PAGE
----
— The Book of Romance • Various

... you for your courtesy and kind invitation to speak before your club this evening. This we will be pleased to do provided we can escape our host and are not locked in the shed. But I think I can promise you we will be there for if we should be shut in the shed, my good strong head can butt down and make ...
— Billy Whiskers' Adventures • Frances Trego Montgomery

... recall the comical appearance of a small negro half breed at the Big Cypress Swamp. His brilliant wool was twisted into many little sharp cones, which stuck out over his head like so many spikes on an ancient battle club. For some reason there seems to be a much greater neglect of the care of the hair, and, indeed, of the whole person, in the northern than ...
— The Seminole Indians of Florida • Clay MacCauley

... seizes the keys and hands them to the officer of the guard, saying to the people, "I am your father, I am the man to be responsible for the storehouse!"[2326] To entrust oneself with porters and brawlers, to be collared by a political club, to improvise on the highways, to bark louder than the barkers, to fight with the fists or a cudgel, as much later with the young and rich gangs, against brutes and lunatics incapable of employing other arguments, and who must be answered in the same vein, to ...
— The Origins of Contemporary France, Volume 1 (of 6) - The Ancient Regime • Hippolyte A. Taine

... knew just when and how to use the whip, how much slack to allow in the reins, and when to tighten them! They greatly resent any intrusion on their hunting-grounds, and make use of sticks and clubs to protect them. The chief is always armed with a club, and is thoroughly skilled in the use of it. It sometimes happens that an elephant will come to the same tree to seek food that apes frequent, and although they have no enmity towards each other, they like the same kind of food. As soon as the ape sees the elephant reaching his trunk among ...
— The Human Side of Animals • Royal Dixon

... as I said, but I can't stand impudence. Mason's lot is quite hard enough even when I back him. Besides, the men at the golf-club heard them singing 'Aaron and Moses.' I shall have complaints about that from the parents of day-boys. ...
— Stalky & Co. • Rudyard Kipling

... a gentleman-like manner on a very small income. He was not in debt, and was altogether respectable. Nothing could be said against him, unless it were some dark hint of a gambling transaction at a fast and furious club, some vague whisper about the mysterious appearance of a king at ecarte—the kind of a rumour which is apt to pursue a man who, like Bulwer's Dudley Smooth, does not ...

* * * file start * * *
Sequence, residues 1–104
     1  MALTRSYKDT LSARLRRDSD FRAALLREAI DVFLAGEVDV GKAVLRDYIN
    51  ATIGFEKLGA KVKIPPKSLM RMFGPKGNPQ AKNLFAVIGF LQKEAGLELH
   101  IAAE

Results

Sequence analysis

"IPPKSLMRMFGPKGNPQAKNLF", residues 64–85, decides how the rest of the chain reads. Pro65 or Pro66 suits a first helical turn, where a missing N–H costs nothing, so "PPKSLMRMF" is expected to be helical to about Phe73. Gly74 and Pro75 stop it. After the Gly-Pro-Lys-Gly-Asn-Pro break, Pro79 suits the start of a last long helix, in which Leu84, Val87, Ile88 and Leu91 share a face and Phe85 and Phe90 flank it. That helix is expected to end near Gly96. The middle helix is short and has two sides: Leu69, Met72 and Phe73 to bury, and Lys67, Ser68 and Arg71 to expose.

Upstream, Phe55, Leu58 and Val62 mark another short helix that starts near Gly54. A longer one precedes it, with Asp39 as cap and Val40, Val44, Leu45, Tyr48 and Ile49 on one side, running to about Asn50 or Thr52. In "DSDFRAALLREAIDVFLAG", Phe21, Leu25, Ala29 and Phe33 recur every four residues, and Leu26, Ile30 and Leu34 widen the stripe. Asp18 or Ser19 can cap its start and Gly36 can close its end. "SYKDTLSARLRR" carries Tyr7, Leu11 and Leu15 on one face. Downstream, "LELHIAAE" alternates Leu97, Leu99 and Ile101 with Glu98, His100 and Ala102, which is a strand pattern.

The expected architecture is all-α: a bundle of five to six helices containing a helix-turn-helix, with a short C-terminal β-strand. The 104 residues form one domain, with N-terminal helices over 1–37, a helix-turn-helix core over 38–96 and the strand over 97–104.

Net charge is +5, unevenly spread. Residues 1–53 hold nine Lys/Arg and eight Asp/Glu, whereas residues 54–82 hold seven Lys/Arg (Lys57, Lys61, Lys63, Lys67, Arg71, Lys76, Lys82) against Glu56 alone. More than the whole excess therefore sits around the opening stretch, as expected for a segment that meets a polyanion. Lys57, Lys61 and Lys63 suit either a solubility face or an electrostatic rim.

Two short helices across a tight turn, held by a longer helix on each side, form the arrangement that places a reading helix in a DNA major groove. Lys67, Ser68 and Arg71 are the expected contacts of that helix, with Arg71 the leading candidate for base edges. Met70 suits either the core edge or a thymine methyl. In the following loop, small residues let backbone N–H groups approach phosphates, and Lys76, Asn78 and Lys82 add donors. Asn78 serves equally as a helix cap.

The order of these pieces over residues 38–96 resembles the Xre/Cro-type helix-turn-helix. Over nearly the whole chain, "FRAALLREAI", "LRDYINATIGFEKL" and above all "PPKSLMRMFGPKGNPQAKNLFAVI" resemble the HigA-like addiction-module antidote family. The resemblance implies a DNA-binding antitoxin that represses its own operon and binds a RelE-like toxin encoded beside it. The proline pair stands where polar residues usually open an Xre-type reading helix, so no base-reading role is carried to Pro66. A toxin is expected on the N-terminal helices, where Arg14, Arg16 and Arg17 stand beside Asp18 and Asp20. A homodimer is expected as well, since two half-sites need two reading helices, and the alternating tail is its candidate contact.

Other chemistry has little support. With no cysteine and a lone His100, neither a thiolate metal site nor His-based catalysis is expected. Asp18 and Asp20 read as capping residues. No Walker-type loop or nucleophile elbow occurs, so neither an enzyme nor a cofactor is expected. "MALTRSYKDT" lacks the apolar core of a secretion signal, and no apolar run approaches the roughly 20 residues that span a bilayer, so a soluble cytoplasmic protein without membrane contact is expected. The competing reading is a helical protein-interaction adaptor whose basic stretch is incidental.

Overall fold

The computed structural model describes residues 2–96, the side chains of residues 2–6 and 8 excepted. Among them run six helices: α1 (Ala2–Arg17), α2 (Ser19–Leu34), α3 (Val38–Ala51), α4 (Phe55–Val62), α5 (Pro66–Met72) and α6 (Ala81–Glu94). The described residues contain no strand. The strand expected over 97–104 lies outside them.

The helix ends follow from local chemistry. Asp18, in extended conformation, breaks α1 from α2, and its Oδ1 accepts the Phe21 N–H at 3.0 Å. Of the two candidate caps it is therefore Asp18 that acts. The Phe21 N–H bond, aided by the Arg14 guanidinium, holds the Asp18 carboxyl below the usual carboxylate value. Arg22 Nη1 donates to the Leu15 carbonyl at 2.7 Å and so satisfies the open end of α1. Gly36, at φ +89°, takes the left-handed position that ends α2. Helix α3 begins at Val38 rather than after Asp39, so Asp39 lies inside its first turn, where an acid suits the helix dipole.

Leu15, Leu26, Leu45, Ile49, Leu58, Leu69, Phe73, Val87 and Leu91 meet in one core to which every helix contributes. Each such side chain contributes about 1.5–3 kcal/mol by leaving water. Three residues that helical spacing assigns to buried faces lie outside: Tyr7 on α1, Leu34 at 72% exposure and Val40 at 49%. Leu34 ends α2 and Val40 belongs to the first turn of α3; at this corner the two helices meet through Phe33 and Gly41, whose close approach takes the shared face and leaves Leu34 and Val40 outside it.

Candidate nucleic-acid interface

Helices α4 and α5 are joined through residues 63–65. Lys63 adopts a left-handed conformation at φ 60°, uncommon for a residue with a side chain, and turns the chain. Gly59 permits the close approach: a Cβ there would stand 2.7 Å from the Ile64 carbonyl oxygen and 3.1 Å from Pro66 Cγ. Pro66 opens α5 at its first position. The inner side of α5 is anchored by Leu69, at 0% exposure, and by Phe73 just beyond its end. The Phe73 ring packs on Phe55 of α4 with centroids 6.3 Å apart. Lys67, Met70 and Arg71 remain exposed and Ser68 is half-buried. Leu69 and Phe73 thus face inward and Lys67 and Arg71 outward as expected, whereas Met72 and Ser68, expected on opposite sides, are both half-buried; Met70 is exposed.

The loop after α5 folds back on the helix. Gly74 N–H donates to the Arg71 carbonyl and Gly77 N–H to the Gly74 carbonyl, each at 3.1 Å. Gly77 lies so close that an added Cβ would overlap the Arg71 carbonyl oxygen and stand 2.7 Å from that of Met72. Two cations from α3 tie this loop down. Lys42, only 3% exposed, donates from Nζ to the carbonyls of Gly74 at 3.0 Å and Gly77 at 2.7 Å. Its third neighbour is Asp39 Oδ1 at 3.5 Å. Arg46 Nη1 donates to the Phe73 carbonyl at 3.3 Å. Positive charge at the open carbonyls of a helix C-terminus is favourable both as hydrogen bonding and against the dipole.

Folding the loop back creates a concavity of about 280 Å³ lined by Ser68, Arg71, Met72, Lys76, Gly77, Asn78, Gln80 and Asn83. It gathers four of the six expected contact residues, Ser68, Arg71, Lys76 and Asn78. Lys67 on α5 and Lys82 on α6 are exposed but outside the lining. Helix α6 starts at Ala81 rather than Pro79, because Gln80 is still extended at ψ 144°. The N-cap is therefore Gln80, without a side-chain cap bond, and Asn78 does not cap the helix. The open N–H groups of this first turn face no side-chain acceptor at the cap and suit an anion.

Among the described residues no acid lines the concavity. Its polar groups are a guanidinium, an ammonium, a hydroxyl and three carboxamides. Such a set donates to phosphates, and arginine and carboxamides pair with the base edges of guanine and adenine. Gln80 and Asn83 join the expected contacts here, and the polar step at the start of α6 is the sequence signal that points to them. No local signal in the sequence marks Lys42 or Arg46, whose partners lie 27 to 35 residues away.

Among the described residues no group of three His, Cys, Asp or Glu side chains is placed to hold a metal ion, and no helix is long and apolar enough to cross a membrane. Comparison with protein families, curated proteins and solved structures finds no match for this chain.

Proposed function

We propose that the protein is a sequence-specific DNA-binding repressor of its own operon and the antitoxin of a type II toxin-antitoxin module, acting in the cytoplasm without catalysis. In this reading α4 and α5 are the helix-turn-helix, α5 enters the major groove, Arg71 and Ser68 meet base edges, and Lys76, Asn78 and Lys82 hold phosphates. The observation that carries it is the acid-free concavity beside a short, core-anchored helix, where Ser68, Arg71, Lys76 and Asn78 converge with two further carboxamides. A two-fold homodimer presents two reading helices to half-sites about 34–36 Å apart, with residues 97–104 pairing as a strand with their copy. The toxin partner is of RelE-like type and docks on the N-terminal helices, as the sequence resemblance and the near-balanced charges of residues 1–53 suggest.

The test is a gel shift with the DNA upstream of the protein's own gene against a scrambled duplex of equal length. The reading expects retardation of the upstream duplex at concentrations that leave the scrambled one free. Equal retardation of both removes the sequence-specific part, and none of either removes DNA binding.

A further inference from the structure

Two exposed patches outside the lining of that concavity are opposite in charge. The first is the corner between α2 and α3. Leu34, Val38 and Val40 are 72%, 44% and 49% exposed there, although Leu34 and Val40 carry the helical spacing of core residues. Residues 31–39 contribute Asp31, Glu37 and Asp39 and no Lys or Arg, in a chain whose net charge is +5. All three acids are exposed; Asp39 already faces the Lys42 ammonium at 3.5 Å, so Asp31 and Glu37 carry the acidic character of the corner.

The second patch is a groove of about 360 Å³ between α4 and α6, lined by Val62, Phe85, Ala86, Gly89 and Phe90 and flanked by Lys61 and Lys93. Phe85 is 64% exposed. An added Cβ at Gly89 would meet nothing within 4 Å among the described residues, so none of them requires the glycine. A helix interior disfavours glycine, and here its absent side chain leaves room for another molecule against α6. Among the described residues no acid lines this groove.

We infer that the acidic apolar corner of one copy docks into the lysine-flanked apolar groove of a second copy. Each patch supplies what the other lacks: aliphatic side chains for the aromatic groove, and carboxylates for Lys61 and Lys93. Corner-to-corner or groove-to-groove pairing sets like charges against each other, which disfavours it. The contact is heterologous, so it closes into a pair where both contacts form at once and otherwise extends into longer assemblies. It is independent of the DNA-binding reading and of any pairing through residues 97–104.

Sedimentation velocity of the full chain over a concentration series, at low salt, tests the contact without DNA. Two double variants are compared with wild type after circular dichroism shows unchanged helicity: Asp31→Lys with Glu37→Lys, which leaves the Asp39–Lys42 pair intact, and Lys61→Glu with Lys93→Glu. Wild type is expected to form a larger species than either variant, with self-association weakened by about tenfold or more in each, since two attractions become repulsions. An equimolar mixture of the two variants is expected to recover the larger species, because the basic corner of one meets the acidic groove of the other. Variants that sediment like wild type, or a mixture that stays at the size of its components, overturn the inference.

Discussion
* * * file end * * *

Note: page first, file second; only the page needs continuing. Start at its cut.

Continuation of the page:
— Vixen, Volume I. • M. E. Braddon

... God, I shed the bitterest tears of my life. In spite of appearances, I am not so light a spirit as people think. I am not one of those for whom God, when He disappears, [228] leaves no sense of a void place. Believe me!—a man may love sport, his club, his worldly habits, and yet have his hours of thought, of self-recollection. Do you suppose that in those hours one does not feel the frightful discomfort of an existence with no moral basis, without principles, with no outlook beyond this world? And yet, what ...
— Appreciations, with an Essay on Style • Walter Horatio Pater

... did about it. And yet people seemed to have got it into their heads that he had some kind of special faculty in such matters—that there was some peculiar value in his judgment on a question of right and wrong. He could not understand why it was; but whenever there was a dispute about cards in a club, it was brought to him to settle. It was most odd. But it was trite. In public affairs, no less than in private, Lord Hartington's decisions carried an extraordinary weight. The feeling of his idle friends in high society was shared by ...
— Eminent Victorians • Lytton Strachey

... me and seeing my head far from shore, followed at once. It was then, as he approached, that I received my first disillusionment of being king by the right of muscle, because he sped through the water as an oiled torpedo, putting to shame my skill that had been somewhat thought of in the Athletic Club tank at home. Almost immediately followed my second jolt, as he glanced ...
— Wings of the Wind • Credo Harris

... think not," replied Thorpe. "I'll just hold it back as a sort of club to keep them ...
— The Blazed Trail • Stewart Edward White